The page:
Main Themes Sub-Categories
Cognitive reactions to infertility Mental engagement; Psychological turmoil
Cognitive reactions to the treatment process Psychological turmoil; being difficult to control in some situations; reduced self-esteem; feelings of failure
Emotional-affective reactions to infertility Fear, anxiety, and worry; loneliness and guilt; grief and depression; regret
Emotional-affective reactions to the treatment process Fear, anxiety, and worry; fatigue and helplessness; grief and depression; hopelessness


This study found that Iranian women with infertility seeking treatment face numerous psychological and emotional obstacles, which negatively impact their mental health and well-being. While infertility or being labeled “infertile” is often treated as a biomedical issue, there is much less attention to its impact on the mental-emotional, social, and cultural aspects of a woman’s life. Fertility, particularly in Eastern cultures, is upheld as one of the highest values and the inability to bear children has severe psychological consequences. The study demonstrated that one of the major causes of psychological distress is the social pressure by community members.

While infertility or being labeled “infertile” is often treated as a biomedical issue, there is much less attention to its impact on the mental-emotional, social, and cultural aspects of a woman’s life.

It is important to note that in every geographical region, the concept of infertility is shaped by culture and societal expectations. In Western countries, where women continue to pursue careers and financial independence, the culture surrounding infertility is different than in other geographical regions. Although the socio-cultural influences of Iran heavily influence the results of this study, it highlights an issue in mental health that is often overlooked: women and couples struggling to conceive can become clinically depressed and anxious, further affecting overall health.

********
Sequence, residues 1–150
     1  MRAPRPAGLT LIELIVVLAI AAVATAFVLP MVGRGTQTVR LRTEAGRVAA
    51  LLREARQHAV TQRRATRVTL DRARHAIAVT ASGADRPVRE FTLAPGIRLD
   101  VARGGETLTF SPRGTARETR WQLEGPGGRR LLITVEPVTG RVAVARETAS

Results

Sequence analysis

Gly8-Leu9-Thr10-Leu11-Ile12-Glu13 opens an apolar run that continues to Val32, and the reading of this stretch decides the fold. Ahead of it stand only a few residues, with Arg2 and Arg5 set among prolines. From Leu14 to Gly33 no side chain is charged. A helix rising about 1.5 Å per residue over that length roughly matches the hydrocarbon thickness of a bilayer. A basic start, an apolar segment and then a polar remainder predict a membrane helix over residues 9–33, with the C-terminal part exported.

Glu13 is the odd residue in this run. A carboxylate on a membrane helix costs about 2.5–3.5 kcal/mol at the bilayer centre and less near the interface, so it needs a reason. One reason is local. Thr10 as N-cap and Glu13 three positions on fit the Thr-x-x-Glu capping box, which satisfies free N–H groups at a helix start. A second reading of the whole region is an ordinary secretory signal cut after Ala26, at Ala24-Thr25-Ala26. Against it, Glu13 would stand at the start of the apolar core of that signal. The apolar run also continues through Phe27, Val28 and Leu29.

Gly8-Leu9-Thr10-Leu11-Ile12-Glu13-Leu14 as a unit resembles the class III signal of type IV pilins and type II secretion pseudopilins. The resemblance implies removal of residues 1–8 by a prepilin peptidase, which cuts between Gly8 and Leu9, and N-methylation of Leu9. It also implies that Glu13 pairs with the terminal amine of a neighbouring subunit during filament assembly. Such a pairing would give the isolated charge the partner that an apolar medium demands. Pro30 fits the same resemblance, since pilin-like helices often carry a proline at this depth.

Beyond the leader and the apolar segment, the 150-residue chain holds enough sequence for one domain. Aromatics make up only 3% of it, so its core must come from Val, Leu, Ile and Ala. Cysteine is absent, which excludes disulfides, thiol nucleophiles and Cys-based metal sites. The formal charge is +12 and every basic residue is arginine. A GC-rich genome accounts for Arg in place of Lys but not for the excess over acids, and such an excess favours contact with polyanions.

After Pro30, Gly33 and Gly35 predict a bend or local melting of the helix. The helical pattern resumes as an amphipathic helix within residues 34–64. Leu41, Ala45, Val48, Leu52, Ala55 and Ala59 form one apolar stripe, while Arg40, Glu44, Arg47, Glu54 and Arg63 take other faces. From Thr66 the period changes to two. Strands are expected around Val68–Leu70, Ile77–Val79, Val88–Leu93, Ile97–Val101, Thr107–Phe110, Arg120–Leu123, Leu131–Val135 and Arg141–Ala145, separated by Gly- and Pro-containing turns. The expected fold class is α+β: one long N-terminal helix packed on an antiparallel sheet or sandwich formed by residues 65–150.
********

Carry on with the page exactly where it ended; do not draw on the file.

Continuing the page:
Having the proper language to assess, diagnose and treat psychological issues related to infertility and its treatment is crucial in tackling this problem. This study is a step towards collecting the emotional language and categorical subsets around fertility-related depression and anxiety that can help unveil the struggle that women and couples undergo during infertility and treatment, normalize the psychological hardships, and integrate findings into medical training and treatments.


[1] Hasanpoor-Azghdy SB, Simbar M, Vedadhir A. The emotional-psychological consequences of infertility among infertile women seeking treatment: Results of a qualitative study. Iran J Reprod Med. 2014;12(2):131-138.

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About the Author

Dulce Maria Miller De McCoy, DO

Dulce Maria Miller De McCoy is a 4th year at the Philadelphia College of Osteopathic Medicine who has matched into the Psychiatry Residency Program at Allegheny General Hospital. She has an interest in reproductive psychiatry and the psychological issues surrounding infertility. As a future psychiatrist, she believes learning about FABMs increases her scope and understanding of women’s health and will broaden the assessment and treatment plans offered to patients.